KHSAA requires facemasks for softball now...why not baseball?

Page 2 of Is there an obvious difference in the two that I'm not getting? Why wouldn't they require both sports to have face protection? Advertisement 0 0 0 &nbs... 22 comments | 1961 Views | Go to page 1 →

  1. #16

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    Quote Originally Posted by TAC View Post
    Just saw a video of a buddy pitching in a slow pitch softball game and he got drilled. Luckily it didn't hit him in the face. Also worked with a guy who lost his son who was pitching in a collegiate level league and got hit in the head and killed him.
    It's dangerous!
    Man that is so sad.
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  2. #17

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    If you're gonna mask a pitcher in baseball then go ahead and eliminate base stealing and leading off as well as the half windup.

  3. #18

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    Quote Originally Posted by NKYknowitall View Post
    If you're gonna mask a pitcher in baseball then go ahead and eliminate base stealing and leading off as well as the half windup.
    Why?? I'm guessing your concerned about the pitcher being able to see the base runner. First it won't affect lefthanders at all. And designed correctly, I'm not sure that righties would be affected all that much. At best, this is reaching for an excuse to not use protection. Football, hockey and lacrosse players all wear some sort of mask and they play contact sports where people are running at them from all angles. Never heard any complain about peripheral vision.

  4. #19

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    Quote Originally Posted by rjs4470 View Post
    Why?? I'm guessing your concerned about the pitcher being able to see the base runner. First it won't affect lefthanders at all. And designed correctly, I'm not sure that righties would be affected all that much. At best, this is reaching for an excuse to not use protection. Football, hockey and lacrosse players all wear some sort of mask and they play contact sports where people are running at them from all angles. Never heard any complain about peripheral vision.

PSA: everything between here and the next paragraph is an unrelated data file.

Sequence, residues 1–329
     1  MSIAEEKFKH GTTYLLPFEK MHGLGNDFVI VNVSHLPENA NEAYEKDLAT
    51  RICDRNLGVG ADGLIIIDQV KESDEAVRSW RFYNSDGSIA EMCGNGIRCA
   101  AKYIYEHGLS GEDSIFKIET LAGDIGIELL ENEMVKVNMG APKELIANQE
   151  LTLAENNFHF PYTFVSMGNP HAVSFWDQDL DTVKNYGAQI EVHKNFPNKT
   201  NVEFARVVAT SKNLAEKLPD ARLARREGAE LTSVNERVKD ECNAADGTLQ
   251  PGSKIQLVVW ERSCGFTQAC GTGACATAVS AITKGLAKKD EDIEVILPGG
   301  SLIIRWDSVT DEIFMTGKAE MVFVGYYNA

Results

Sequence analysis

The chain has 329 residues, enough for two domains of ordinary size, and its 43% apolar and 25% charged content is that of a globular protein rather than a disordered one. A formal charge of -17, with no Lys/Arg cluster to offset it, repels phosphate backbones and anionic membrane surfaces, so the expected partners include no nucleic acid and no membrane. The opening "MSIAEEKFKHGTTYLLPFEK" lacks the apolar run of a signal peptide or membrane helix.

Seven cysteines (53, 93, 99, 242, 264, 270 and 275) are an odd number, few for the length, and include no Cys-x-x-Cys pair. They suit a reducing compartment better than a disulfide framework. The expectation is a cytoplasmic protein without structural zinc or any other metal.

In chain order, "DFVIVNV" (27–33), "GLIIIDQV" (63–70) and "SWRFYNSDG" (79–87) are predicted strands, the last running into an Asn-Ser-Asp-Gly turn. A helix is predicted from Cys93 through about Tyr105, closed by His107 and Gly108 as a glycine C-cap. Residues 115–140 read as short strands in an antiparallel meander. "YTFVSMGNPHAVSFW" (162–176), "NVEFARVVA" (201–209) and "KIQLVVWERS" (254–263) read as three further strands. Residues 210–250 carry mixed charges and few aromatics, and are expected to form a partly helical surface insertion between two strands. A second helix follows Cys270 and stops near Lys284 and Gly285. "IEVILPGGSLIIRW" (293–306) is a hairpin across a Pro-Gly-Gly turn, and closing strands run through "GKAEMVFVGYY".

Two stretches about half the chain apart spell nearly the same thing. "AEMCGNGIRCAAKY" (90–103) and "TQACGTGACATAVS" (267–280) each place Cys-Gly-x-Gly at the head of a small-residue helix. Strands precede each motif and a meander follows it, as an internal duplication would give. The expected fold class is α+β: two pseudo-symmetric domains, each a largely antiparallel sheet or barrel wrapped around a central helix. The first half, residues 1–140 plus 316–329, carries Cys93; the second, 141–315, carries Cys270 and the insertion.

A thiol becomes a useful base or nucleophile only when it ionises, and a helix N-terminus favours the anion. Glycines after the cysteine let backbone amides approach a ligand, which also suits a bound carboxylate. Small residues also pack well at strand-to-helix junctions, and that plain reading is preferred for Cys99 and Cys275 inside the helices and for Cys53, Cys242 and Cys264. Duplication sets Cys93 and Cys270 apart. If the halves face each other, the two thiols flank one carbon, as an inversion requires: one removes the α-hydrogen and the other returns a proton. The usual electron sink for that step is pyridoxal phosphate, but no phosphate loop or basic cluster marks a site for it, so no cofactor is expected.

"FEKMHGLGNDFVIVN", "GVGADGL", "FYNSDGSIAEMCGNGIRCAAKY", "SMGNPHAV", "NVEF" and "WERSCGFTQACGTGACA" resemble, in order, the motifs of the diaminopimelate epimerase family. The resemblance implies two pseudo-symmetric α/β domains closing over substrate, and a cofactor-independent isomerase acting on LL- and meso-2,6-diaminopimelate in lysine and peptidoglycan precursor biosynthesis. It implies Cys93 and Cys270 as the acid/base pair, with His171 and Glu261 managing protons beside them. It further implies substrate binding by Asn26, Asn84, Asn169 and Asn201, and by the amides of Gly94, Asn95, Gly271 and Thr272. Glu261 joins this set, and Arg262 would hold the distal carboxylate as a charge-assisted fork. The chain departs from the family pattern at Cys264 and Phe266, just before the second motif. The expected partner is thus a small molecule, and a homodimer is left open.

So lefties get an advantage? Seems legit. And yes, it would be tough for righties to see the runner. There's no point for a mask on a pitcher. Football/hockey/lacrosse compared to baseball is like comparing apples and oranges.

  5. #20
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    Quote Originally Posted by NKYknowitall View Post
    There's no point for a mask on a pitcher. Football/hockey/lacrosse compared to baseball is like comparing apples and oranges.
    See post 14.

  6. #21

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    Quote Originally Posted by NKYknowitall View Post
    So lefties get an advantage? Seems legit. And yes, it would be tough for righties to see the runner. There's no point for a mask on a pitcher. Football/hockey/lacrosse compared to baseball is like comparing apples and oranges.
    Lefties have an advantage now. My point in bringing up the other sports is that they are all faster moving than baseball, and peripheral vision is important to just protecting yourself. If those guys can see well enough to protect themselves, righthanders will be just fine opening their shoulders a little more to hold runners. Not to mention that for righties, a quick delivery to the plate and varying your pace and routine are more important to holding runners than visually looking at them. Putting a mask on doesn't change that aspect.

  7. #22
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    Quote Originally Posted by TAC View Post
    Just saw a video of a buddy pitching in a slow pitch softball game and he got drilled. Luckily it didn't hit him in the face. Also worked with a guy who lost his son who was pitching in a collegiate level league and got hit in the head and killed him.
    It's dangerous!